edited to correct city name
Dear Ms Haney,
After a weekend spent watching “The Mummy” and “The Mummy Returns,” I was in the mood for ancient Egypt. When I saw your books listed at Fictionwise and they were offering Buywise discounts, well it was a good deal. I’m slightly confused about the order in which the series should be read but from what I can gather, you went back and wrote this book as an intro to the already established series. Correct me if I’m wrong.
I love the historical detail and agree that it’s a fine line between a) including enough – especially for a time period that’s not used often enough for readers to be familiar and comfortable with it – b) not having enough or c) going overboard. I could feel the baking heat, see the blinding sun, smell the sweat. Thank you for including reminders about the importance of religion in the lives of the characters. But lots of these characters seem fairly naive. Bak wonders that anyone could attack a woman, he marvels that anyone would be willing to risk punishment to commit murder or other serious crimes. Really? Has he been that sheltered?
Bak as a policeman – well, he’s not. At least not at first. He’s a trained Army officer – something that helps him many times, but he’s not been trained to interview witnesses, set up sting operations, investigate a crime scene, etc. I’m willing to cut him some slack during his first time at bat but it’s something I hope he begins to pick up. I think he will as by book’s end, he seems to be shifting his focus more towards how a law enforcer would think. However in this story, he took the word of his suspects quite a few times such as when certain people told him they couldn’t read. They know he’s investigating a murder so why should he believe anything they say without independent corroboration?
The mystery was nicely done if a bit dragged out. There’s a lot of “setting the scene” that must be done with a first book but I have to agree with another reviewer I read who said she wanted to know more about Bak. Even after reading a very long book, I still don’t know that much about the man himself. Yes, I know his honor, integrity, courage and intelligence but not much about his background beyond the fact that he’s been banished to this godforsaken frontier town because he mad some important people mad during a raid on a brothel.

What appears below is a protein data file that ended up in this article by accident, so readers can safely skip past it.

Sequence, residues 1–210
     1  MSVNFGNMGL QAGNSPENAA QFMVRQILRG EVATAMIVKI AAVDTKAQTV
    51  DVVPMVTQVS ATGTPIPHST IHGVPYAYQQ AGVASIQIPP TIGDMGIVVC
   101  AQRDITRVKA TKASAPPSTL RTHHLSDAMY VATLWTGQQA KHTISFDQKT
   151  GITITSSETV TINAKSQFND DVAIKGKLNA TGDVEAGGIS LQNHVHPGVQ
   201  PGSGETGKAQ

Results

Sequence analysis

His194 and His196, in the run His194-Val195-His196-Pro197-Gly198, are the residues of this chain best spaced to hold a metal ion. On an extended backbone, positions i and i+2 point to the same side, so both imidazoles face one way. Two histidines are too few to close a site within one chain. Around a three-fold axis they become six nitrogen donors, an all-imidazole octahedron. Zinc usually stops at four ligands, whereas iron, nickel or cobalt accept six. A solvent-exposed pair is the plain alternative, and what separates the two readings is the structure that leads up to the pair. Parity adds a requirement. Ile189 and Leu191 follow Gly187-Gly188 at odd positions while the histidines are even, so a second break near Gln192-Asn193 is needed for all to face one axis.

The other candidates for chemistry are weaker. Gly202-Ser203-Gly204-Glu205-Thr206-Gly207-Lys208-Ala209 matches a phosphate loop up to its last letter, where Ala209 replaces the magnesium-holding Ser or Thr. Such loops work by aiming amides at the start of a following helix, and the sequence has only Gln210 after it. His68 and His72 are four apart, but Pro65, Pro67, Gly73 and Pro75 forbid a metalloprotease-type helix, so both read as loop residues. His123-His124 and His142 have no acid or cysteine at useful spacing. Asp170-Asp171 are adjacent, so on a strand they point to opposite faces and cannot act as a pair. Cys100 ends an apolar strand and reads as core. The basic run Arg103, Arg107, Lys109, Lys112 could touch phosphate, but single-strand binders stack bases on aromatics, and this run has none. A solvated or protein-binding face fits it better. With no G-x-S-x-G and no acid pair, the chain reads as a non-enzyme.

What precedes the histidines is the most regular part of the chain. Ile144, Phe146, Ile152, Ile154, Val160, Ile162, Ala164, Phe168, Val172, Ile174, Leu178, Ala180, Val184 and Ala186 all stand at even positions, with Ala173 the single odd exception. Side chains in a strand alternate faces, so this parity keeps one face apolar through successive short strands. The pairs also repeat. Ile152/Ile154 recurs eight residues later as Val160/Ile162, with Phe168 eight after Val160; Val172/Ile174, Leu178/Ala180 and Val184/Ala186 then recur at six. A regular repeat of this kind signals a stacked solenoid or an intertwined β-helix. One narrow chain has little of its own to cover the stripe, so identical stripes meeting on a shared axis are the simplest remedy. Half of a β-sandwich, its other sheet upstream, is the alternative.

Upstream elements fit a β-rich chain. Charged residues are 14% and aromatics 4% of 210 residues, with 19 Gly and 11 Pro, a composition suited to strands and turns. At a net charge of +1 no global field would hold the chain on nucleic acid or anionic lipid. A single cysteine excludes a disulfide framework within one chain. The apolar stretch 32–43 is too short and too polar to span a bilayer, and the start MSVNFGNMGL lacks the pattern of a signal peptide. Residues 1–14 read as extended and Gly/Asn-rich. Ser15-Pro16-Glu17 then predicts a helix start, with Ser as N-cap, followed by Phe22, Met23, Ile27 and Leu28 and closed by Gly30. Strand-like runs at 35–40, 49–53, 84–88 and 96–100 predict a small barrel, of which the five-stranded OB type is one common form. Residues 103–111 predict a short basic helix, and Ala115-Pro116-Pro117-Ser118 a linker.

I know I said I like the period detail – and I do – but there’s a lot of detail that wasn’t needed and that tended to slow the action to a crawl. At the beginning of the book, we get a very detailed description of the house in which the initial crime takes place. Was it needed? Well, not as much since there’re even more descriptions during later scenes. The battle against the raiders during the return from the gold mine dragged on as well and since this is an action sequence, it needs to move quickly.
For the most part, the dialogue isn’t too modern nor is it ponderously faux old fashioned – except towards the end when for some reason, all of a sudden we’re getting stuff like this: “Bak checked, not for the first time, the dagger at his waist.” “He had coveted it exceedingly when first he had laid eyes on it.”
I like that Bak is very concerned about the men under his command. He might not want to be in Buhen, definitely doesn’t want to do what he’s been assigned to do but he’s determined that his men be protected from the prejudice of the townspeople and accepted as a legitimate source of law and order in this wild, frontier town.
Am I willing to try another Lieutenant Bak book? You betcha. Did I like it? Yes. Do I hope that things pick up, speed up and get moving? Oh, please. And do I want to learn more about Bak as I hope for his future? If you wouldn’t mind. B-for “Flesh of the God.”